The April Aluminum MMI (Monthly Metals Index) fell three points. A weaker LME aluminum price led to the price retracement. The current Aluminum MMI index stands at 94 points, 3% lower than in March.

LME aluminum price momentum slowed again this month. LME aluminum prices remain in a current two-month downtrend.

Buying Aluminum in 2018? Download MetalMiner’s free annual price outlook

Source: MetalMiner analysis of FastMarkets

Though some may want to declare a bearish market for aluminum, prices are still over the $1,975 level, when MetalMiner recommended buying organizations buy forward. Prices may retrace back toward that level. However, if prices fall below the blue-dotted line, aluminum prices could shift toward bearish territory.

SHFE Aluminum

SHFE aluminum spot prices also fell this month. The degree of the decline appears less sharp than for LME prices. However, SHFE aluminum spot prices started to fall in October 2017.

Source: MetalMiner data from MetalMiner IndX(™)

Shanghai Futures Exchange (SHFE) aluminum stocks fell in March for the first time in more than nine months. Decreasing stocks sometimes point to falling inventories of aluminum in China, the world’s biggest aluminum producer and consumer. SHFE stocks dropped by 154 tons in March, according to exchange data released at the beginning of April. However, SHFE aluminum stocks still stand at 970,233 tons. 

MW Aluminum Premiums

Meanwhile, U.S. Midwest aluminum premiums fell for the first time since November 2017. The $0.01/pound drop at the beginning of April comes after a sharp uptrend in the premium. Despite the lower premium this month, the pace of the increases may continue for some time.

What This Means for Industrial Buyers

LME aluminum price retracement may give buying organizations a good opportunity to buy, as prices may increase again.

However, as prices are currently trading lower, buying organizations may want to wait until the market shows a clearer direction. Therefore, adapting the “right” buying strategy becomes crucial to reducing risks.

Given the ongoing uncertainty around aluminum and aluminum products, buying organizations may want to take a free trial now to our Monthly Metal Buying Outlook.

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Actual Aluminum Prices and Trends

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The Copper MMI (Monthly Metals Index) traded lower again this month, falling two points to 85. The Copper MMI dropped to December 2017 levels, driven by falling LME copper prices.

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When looking at the long-term trend, copper prices have held above the dotted blue line since September 2016. Although prices dipped a bit below the blue dotted line at the end of March, the line represents the current copper floor. Prices falling below the dotted line could suggest a short-term price correction.

Source: MetalMiner analysis of FastMarkets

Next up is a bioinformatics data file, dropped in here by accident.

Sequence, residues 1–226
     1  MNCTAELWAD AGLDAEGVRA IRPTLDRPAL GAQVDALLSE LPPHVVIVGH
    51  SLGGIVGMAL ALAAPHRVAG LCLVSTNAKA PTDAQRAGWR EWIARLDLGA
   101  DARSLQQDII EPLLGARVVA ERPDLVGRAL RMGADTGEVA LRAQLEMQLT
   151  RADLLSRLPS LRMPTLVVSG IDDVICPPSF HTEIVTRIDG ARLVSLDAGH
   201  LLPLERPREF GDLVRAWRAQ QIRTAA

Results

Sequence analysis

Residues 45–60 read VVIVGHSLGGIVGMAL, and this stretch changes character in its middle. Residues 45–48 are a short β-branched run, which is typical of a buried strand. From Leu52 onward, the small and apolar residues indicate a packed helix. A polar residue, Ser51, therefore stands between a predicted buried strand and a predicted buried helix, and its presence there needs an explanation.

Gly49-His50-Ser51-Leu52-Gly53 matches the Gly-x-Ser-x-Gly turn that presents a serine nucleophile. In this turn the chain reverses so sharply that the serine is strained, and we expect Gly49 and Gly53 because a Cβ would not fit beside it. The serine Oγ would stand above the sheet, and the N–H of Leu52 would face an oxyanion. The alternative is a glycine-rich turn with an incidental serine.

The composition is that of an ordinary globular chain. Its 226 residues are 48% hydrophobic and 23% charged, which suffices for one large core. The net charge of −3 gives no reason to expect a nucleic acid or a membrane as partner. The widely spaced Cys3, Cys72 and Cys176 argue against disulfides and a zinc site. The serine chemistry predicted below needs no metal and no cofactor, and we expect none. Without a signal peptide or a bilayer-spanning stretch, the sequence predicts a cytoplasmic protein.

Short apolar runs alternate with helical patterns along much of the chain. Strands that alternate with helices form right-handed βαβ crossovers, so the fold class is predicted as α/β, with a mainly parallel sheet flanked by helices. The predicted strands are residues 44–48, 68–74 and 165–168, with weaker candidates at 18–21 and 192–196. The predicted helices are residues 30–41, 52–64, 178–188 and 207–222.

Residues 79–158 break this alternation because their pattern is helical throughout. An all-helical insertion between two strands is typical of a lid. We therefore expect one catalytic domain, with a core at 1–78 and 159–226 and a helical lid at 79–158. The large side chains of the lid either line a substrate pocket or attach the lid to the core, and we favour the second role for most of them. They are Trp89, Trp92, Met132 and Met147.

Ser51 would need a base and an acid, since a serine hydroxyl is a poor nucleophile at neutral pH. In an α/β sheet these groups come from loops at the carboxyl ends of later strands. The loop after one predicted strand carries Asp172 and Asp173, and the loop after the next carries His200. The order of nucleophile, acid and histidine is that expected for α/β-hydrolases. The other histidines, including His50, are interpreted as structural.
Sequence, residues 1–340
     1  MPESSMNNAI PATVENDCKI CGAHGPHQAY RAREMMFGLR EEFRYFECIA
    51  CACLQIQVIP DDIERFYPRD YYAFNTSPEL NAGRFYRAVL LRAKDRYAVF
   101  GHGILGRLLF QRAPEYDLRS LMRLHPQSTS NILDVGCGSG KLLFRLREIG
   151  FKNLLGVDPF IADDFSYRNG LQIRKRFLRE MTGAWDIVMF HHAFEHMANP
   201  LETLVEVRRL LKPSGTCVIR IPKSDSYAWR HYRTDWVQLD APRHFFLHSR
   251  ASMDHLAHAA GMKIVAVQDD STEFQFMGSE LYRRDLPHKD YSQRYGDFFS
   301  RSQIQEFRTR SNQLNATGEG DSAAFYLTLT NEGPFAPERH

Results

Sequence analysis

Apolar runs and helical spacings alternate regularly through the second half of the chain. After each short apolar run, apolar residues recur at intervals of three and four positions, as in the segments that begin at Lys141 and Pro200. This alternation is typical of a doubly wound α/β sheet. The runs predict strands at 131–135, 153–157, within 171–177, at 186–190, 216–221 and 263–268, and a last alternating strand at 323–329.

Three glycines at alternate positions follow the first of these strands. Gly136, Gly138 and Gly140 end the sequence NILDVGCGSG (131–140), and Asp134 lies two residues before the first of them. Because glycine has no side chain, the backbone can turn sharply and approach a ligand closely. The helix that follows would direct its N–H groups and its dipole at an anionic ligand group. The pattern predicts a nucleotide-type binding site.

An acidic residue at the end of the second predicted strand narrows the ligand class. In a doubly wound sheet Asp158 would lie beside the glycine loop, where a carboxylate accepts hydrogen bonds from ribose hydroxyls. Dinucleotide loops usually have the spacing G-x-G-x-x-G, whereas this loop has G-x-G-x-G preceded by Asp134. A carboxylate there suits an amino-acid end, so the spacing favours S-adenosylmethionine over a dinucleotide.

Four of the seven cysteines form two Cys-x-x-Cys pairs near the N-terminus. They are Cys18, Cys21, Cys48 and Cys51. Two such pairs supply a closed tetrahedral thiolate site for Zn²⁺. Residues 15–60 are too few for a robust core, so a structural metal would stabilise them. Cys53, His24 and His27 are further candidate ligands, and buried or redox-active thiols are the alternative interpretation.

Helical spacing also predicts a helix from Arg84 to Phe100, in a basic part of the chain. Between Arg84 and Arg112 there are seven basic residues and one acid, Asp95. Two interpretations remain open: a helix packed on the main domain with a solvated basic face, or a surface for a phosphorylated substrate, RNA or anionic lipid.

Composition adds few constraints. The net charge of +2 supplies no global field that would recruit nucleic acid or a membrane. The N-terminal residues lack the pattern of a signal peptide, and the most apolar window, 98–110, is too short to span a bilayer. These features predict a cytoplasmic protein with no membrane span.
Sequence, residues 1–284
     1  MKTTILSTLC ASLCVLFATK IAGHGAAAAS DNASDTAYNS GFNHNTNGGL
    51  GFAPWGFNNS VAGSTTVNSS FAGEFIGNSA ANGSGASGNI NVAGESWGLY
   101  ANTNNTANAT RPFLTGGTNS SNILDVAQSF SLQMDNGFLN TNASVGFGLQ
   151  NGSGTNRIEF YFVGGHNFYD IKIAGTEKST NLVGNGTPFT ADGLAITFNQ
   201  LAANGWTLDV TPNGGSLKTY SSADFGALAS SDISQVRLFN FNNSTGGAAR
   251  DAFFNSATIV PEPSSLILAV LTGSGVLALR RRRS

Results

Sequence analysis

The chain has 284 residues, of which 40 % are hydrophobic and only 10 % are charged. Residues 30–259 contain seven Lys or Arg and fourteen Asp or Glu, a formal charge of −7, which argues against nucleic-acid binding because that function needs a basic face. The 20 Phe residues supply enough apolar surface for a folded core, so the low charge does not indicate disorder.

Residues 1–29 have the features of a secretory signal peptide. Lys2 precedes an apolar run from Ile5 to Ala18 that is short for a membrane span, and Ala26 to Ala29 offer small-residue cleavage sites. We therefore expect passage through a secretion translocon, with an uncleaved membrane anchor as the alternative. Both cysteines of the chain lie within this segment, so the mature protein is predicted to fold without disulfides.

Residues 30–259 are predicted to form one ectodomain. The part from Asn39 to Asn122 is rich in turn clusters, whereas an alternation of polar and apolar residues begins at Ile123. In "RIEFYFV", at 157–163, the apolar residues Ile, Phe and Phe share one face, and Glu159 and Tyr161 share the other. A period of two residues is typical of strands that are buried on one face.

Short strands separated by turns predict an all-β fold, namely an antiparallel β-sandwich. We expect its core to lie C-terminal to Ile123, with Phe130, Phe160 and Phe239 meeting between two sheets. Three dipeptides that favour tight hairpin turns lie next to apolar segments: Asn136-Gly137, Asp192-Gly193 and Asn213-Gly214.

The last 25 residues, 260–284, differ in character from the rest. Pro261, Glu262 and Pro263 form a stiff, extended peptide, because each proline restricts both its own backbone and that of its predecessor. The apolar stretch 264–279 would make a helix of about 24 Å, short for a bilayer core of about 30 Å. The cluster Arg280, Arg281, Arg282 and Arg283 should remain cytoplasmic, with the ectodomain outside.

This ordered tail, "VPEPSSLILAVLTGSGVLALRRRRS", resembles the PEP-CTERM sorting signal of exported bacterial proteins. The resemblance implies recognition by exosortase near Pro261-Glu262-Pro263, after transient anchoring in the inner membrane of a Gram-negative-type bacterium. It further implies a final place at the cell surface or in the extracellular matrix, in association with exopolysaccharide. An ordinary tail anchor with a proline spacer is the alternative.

Meanwhile, trading volume appears to be about the same as last month, when selling volume appeared weak. As the selling volume remains weak, the downtrend seems more like a short-term price correction than a change of trend.

Buying organizations may want to closely follow copper prices in the coming month or read our Monthly Metal Outlook in order to anticipate copper price movements.

Copper Stocks and Supply

LME copper stocks currently stand at 324,900 tons, up by 13,075 tons since the start of 2017 and 85,500 tons since the start of 2016.

According to the International Copper Study Group (ICSG), the provisional 2017 refined copper deficit was 163,000 tons. The situation for 2018 will also depend on the supply side, as many of the largest copper mines have upcoming labor contract negotiations still pending.

On top of that, the Caserones copper mine in Chile announced a shutdown this month in order to replace a leaking pipe. However, this shutdown is only partial and may not have a big effect on copper production. 

Copper Scrap

Both Chinese copper scrap prices and LME copper prices typically trade together. In March, Chinese copper scrap prices fell to $6,035/mt. LME prices also fell but remain in a long-term uptrend. The same is true for copper scrap.

Source: MetalMiner data from MetalMiner IndX(™)

The spread between Chinese scrap copper prices and LME copper seems to be wider than it was back in 2016 and 2017. A wider spread may boost scrap copper demand for the applications that it are suitable due to its lower price.

What This Means for Industrial Buyers

Copper prices are currently approaching December support (at $6,530/mt) levels, when prices last dipped during the bullish rally.

Buying organizations bought some volume then. As long as copper prices remain bullish, buying organizations may want to buy on the dips. For those who want to understand how to reduce risks, take a free trial now to the MetalMiner Monthly Outlook.

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Actual Copper Prices and Trends